Brussels (Brussels Morning Newspaper) – Unmanned aerial vehicles, or drones, have dramatically changed how the United States conducts military operations in recent decades. There is no doubting the value these platforms provide to the American war-fighting apparatus, from reconnaissance platforms that can loiter over combat zones for hours to armed drones that can deliver precision strikes against high-value targets. Many people are surprised to learn that many drone platforms are as large as any manned fighter, even though we frequently hear about them in the news. Let’s talk about how big military drones are in reality.
What is the largest military drone?
The RQ-4 Global Hawk is the military’s biggest unmanned aerial vehicle (UAV). This unmanned aerial vehicle (UAV) has a length of 47.6 feet, a wingspan of just over 130 feet, and a total weight of 14,950 pounds. It has a great deal to offer. Let’s look at the RQ4 and see what the fuss is all about. The American firm General Atomics Aeronautical Systems (GA-ASI), which specialises in aeronautics, was responsible for the product’s production.
In January of 1994, GA-ASI was given a contract to carry out the Tier II, medium-altitude endurance Predator project. The Predator system had its first flight in 1994, and manufacturing began in August 1997.
Missions of surveillance and reconnaissance were the RQ-4’s primary focus throughout its development. In 2002, the aircraft’s designation was modified to MQ-1. The RQ-4 is a multi-role vehicle that may be employed for armed reconnaissance and interdiction. It is equipped with Hellfire missiles from the AGM-114 series.
Different Classifications of Military Drones
Military drones come in different forms and sizes. Most of us think of the bigger Predators, Reaper, and Global Hawk, but we forget about the smaller machines with more specialised applications. The Global Hawk’s wingspan is over 131 feet, yet the Black Hornet Nano fits in your hand.
Flying most military drones is unlike flying our quadcopters at home. We can easily handle a DJI Mini 2 by myself, yet it takes four qualified operators to fly an MQ-4C Triton. Most branches of the military categorise these aircraft in numerous ways. Some by weight, some by capacity, etc. The DoD in the U.S. considers five categories of UAS.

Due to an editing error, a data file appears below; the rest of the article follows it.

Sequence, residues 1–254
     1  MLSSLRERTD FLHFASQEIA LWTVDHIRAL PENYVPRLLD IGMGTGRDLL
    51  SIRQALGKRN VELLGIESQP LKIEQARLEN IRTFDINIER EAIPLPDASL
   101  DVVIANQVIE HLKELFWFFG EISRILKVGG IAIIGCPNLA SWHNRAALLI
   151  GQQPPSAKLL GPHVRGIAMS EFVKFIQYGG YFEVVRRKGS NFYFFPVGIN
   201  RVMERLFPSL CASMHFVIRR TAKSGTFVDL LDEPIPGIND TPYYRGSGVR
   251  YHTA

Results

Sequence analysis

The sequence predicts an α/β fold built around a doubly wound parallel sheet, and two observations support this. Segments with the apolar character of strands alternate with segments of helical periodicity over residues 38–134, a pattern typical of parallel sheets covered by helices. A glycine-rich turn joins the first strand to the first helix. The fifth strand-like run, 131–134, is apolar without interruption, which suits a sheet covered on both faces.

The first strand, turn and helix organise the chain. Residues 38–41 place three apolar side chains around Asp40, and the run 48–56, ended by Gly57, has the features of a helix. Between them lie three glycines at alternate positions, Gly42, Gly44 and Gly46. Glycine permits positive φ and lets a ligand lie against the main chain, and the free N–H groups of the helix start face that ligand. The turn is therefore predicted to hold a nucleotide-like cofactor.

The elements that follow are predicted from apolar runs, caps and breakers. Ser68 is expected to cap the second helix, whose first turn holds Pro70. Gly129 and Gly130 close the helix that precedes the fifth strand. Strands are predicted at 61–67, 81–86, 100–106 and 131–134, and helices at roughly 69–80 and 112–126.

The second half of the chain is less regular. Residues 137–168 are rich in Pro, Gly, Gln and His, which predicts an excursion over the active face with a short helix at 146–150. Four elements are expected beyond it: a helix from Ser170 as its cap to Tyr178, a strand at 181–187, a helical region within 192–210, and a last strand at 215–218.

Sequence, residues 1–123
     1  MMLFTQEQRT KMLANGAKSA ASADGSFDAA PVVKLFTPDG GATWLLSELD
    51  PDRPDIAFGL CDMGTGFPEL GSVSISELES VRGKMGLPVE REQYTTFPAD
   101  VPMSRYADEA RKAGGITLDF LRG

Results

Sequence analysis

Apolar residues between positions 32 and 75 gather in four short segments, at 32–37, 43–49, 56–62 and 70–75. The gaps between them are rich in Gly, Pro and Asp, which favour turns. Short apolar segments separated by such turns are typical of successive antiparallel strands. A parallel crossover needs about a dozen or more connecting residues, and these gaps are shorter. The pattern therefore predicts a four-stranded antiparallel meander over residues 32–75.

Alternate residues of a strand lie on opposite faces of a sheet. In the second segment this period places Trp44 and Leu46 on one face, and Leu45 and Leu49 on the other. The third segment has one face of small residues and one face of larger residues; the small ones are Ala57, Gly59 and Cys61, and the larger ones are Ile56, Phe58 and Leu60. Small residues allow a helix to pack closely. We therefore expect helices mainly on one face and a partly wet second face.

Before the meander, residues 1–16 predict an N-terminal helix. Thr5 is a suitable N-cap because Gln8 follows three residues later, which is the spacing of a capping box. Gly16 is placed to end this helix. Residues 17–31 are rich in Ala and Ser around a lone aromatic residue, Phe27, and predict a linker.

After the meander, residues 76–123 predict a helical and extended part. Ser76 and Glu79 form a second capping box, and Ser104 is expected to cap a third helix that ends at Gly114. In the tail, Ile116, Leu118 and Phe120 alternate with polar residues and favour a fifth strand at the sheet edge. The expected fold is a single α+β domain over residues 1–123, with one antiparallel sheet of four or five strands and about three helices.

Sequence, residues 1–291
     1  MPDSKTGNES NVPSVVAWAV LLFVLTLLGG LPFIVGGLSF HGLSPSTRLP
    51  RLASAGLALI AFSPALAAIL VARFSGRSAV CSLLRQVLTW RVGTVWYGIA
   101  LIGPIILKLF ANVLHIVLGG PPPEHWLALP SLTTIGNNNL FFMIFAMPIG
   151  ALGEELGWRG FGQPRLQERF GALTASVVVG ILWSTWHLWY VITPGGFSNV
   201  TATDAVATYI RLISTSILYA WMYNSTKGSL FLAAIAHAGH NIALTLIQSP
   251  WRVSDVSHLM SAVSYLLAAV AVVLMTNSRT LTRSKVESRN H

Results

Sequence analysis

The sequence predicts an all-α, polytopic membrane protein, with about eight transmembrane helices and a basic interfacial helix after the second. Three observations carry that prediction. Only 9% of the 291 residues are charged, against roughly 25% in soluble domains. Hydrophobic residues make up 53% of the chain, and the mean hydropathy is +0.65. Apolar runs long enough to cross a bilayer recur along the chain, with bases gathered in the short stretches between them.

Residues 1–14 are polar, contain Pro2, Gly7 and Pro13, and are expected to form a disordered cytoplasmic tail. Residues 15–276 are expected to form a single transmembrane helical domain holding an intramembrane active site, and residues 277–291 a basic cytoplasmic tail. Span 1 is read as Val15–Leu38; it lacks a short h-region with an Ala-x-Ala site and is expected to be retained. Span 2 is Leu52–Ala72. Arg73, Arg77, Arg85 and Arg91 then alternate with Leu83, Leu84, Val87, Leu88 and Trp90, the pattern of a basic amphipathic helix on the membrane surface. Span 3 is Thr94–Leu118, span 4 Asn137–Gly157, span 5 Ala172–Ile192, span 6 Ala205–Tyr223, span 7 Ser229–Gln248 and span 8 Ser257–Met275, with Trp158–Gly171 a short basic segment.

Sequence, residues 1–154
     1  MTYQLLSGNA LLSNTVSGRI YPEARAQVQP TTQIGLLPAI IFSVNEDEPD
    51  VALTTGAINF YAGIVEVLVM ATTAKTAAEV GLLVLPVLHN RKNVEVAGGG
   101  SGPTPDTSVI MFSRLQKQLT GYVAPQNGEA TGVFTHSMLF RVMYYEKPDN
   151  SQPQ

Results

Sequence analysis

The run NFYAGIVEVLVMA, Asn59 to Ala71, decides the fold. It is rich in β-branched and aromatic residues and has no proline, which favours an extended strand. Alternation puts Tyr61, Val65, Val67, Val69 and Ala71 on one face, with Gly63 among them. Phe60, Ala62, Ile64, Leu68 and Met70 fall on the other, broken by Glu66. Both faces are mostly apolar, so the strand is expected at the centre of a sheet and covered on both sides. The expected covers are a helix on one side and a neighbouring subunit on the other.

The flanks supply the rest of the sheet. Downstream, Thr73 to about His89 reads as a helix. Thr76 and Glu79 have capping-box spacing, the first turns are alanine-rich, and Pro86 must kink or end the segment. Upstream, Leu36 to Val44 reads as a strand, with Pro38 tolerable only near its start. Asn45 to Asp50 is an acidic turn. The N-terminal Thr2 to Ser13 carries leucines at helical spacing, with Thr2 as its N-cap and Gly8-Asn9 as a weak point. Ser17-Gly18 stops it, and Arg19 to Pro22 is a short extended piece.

Group 1 – AeroVironment Wasp AE
Let’s start with Wasp AE. The original prototypes of this ship weighed a little under 1 lb, one for land, the other for water. The improved device weighs over 2 lbs and can land on water or ground.
This foldable drone has camera sensors and a 29-inch wingspan. Soldiers may load this gadget into a backpack for 45 minutes of flying up to 40 mph for basic surveillance and observation.
Group 2 – Insitu ScanEagle (Boeing)
SOAR Oregon provide real-time fire maps to forest firefighters. Their ScanEagle is tiny enough to stay out of the way of firefighting activities. Not too tiny, it’s big enough to withstand winds at 20,000 feet. ScanEagle is a 40 kg drone that can fly up to 92 mph.
With the ScanEagle, you don’t need an airstrip. The craft doesn’t have landing gear. Instead, it takes off from a launcher that extends into a recovery system. Each wing features a hook that snags the cable held aloft by the extended launcher. The drone never has to contact the ground.
Group 3 – Insitu RQ-21 Blackjack
Blackjack has the same fundamental architecture as ScanEagle but is twice the size and weight. The only difference is the payload. The Blackjack can hold 55 lbs. of cameras and accessories. 545 Blackjack launchers and cable retrieval systems were in use worldwide in 2017.
Group 4 – General Atomics MQ-1 Predator
This drone’s familiar. You must, right? The Predator is the military drone used in war movies and TV programs. Predator’s bulbous nose and V-tail have been popular since 1995. Later variants of the machine included two mounts for Hellfire, AIM-92 Stingers, or AGM-176 ground target missiles. The 50-foot-wingspan drone weighs 2250 lbs, has a 115-hp motor, speeds 135 mph at 25,000 feet, and can fly for 24 hours.
Group 5 – General Atomics MQ-9 Reaper (Predator B)
Big predators must be better than little ones. The Predator B, or Reaper, inverts the V of the tail to point up like a conventional aircraft but has the same shape. Instead of 115 hp, give it 900. The 65-foot-wide boat weighs over 10,000 lbs. 14 hours of flight time, yet 300 mph at 50,000 feet.
How big are military drones? The 65-foot-wide bigger craft weighs over 10,000 lbs. Flight duration is 14 hours; however, it can go 300 mph at 50,000 feet. Drones rule the sky. They’re also utilised for security and traffic management in non-warring areas. They also battle forest fires. Military drones are not all killing machines, especially the ones outfitted for life-saving missions.